Know Your Bible

VOL. 10                                                                                                                                                                                October 23, 2011                                                                                                                                                                                NO. 39


 Five Smooth Stones Of Parenting

In Goliath, David faced what seemed an indomitable foe. David’s goal was not so much to kill the giant as to protect the children and honor of God. He took five smooth stones from the brook to achieve his purpose.

In the pervasive humanism of our society, parents face what appears to be an equally unconquerable giant who is determined to destroy their children. They have five stones with which to protect them.


A child left to himself brings shame to his mother” (Proverbs 29:15). Consequently, Wisdom says, “Train up a child in the way he should go…” (Proverbs 22:6). This requires first determining “the way he should go,” then pointing the child in that direction. For Christians one direction supersedes all others: eternal life in heaven via Christlikeness on earth. Scores of agencies with different goals challenge us for control of our children. My father used to say, “I will not let the schools take my children away from me.”  Today there are many additional threats: TV, internet, video games, ipods, scouts, sports, neighbors, etc. These must be constantly monitored and controlled.

Parents of good children are often told, “You are just lucky.” No, good children are not the product of luck, but of purpose—relentlessly, sacrificially and pro-actively pursued.


Bring them up in the training…of the Lord” (Ephesians 6:4). Training a plant requires knowing where you want it to go and then patiently bending it, pruning it, and perhaps even tying it. Training an animal involves knowing what you want it to do, using force at first, then patiently guiding, correcting, and finally rewarding and punishing. In both instances, training means establishing authority and maintaining control. Training children begins with example and sometime physical force, then guidance, correction, and eventually reward and punishment when the child understands what is expected. Above all, it means establishing the parents’ authority and letting the child know who is in control. This must begin very early. Once willful rebellion is tolerated, a wrong direction is established and the necessary “bending, pruning, and tying” become all the more difficult. The mother of John and Charles Wesley described good discipline as “shaping the will without breaking the spirit.” This agrees with the Spirit’s counsel: “Do not provoke your children to wrath, but bring them up…” (Ephesians 6:4).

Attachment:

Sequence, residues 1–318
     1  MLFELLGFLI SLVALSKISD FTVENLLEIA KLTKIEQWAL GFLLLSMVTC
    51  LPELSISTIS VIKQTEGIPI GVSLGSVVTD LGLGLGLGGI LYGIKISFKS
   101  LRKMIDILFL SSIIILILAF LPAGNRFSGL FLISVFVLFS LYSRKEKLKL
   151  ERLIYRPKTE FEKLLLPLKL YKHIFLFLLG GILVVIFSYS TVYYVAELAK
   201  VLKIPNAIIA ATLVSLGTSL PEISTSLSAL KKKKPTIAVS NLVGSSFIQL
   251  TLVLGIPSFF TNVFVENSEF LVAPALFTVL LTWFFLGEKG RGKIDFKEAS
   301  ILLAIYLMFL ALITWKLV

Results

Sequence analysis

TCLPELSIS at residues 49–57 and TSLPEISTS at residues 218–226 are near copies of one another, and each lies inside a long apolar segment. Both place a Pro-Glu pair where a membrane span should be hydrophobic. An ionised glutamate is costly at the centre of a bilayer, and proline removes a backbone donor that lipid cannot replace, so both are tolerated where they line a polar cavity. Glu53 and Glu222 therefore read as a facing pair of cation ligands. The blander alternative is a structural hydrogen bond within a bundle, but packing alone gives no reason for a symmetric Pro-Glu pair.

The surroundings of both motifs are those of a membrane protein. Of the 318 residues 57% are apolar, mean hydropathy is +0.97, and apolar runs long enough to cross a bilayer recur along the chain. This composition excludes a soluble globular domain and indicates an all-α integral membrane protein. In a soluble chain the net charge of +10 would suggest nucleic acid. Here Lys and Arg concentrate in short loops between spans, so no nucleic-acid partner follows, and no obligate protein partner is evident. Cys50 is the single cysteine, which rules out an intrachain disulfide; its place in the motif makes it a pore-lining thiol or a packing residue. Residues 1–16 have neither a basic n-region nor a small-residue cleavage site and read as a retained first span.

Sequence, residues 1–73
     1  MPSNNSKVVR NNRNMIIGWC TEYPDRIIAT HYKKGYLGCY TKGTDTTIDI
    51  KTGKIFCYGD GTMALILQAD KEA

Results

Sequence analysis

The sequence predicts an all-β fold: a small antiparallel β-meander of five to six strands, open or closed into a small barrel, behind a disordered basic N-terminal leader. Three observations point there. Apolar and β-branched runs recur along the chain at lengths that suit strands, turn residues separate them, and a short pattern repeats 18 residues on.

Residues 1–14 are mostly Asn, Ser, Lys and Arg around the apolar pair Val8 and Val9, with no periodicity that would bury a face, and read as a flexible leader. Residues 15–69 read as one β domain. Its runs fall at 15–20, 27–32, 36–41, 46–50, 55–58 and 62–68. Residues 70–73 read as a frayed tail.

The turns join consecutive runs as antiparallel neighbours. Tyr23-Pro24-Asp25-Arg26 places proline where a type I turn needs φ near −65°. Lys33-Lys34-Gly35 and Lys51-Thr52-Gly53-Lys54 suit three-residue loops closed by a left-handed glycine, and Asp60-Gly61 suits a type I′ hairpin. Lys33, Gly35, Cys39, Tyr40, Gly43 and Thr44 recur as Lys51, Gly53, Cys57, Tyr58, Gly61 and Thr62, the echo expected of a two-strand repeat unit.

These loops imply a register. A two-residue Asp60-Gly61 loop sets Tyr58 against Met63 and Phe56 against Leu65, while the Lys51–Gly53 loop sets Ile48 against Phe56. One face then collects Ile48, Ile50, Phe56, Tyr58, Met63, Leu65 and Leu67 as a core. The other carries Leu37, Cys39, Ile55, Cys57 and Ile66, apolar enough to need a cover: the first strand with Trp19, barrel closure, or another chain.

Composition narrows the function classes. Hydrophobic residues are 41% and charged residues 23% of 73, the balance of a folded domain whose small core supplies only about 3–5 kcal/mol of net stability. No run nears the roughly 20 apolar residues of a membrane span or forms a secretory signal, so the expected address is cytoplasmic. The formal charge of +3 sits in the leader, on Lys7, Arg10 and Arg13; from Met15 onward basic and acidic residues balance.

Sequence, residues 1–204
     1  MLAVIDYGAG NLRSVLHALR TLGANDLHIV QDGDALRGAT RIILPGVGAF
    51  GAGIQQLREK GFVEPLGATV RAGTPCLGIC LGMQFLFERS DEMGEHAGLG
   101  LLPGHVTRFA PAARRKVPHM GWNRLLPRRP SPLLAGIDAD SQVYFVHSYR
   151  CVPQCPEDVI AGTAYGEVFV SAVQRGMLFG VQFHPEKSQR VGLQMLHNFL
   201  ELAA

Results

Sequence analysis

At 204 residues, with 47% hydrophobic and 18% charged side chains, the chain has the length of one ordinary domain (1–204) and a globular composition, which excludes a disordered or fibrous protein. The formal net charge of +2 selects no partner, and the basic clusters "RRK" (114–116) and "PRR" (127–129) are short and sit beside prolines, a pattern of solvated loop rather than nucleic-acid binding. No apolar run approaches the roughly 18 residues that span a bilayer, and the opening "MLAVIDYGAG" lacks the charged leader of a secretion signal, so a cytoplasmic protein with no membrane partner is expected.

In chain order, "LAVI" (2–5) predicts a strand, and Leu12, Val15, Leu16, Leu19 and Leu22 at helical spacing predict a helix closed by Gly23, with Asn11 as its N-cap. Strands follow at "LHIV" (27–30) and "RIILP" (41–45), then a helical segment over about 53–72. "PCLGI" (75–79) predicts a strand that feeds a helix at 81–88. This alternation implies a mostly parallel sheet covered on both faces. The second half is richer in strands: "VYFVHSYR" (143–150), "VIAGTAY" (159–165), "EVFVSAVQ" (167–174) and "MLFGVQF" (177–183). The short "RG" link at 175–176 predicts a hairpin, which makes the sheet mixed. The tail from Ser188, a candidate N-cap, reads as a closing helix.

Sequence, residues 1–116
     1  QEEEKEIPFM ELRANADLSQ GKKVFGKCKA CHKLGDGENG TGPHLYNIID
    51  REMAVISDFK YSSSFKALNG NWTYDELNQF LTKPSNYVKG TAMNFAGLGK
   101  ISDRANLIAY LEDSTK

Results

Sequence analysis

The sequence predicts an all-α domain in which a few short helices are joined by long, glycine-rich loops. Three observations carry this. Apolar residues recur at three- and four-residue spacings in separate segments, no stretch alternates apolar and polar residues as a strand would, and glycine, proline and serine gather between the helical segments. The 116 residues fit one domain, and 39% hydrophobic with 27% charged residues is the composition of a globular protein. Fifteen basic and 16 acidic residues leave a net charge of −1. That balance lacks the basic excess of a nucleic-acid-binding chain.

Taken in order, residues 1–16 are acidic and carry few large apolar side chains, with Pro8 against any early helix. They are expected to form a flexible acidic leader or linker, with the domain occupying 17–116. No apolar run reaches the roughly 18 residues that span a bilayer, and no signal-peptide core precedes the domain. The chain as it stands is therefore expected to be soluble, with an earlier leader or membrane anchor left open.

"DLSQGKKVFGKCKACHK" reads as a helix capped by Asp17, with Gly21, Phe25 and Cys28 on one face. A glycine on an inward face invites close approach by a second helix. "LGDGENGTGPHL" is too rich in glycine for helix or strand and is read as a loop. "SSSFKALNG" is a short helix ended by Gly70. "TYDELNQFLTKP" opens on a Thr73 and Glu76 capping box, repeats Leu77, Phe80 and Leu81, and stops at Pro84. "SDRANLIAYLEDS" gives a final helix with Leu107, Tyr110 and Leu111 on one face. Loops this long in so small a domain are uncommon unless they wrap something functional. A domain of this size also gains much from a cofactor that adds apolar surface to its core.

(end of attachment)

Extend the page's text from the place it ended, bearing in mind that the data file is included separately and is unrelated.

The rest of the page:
Bring them up in the…admonition (instruction – NASB) of the Lord” (Ephesians 6:4). Unlike plants and animals children can be admonished and instructed. This, also, parents must do. The very intellect that enables children to be instructed also enables them to exercise their free will as they grow older. Parental control constantly diminishes, and unless God’s control is established, their lives will be out of control. God’s control is established by teaching them the scriptures. Long after Timothy was beyond the control of mother and grandmother, their faith dwelt in him (II Timothy 1:5). How was this accomplished? Paul reminded Timothy, “From childhood you have known the Holy Scriptures, which are able to make you wise for salvation through faith that is in Christ Jesus” (II Timothy 3:15). Faith in older children is the result of early instruction in righteousness. Parents should take advantage of the classes offered by the church, but this is not enough—they must teach their children personally. A mother once told me of overhearing her husband saying to their young infant in the crib, “Let me tell you about Jesus.” Not surprisingly, that young infant is now a godly young teenager.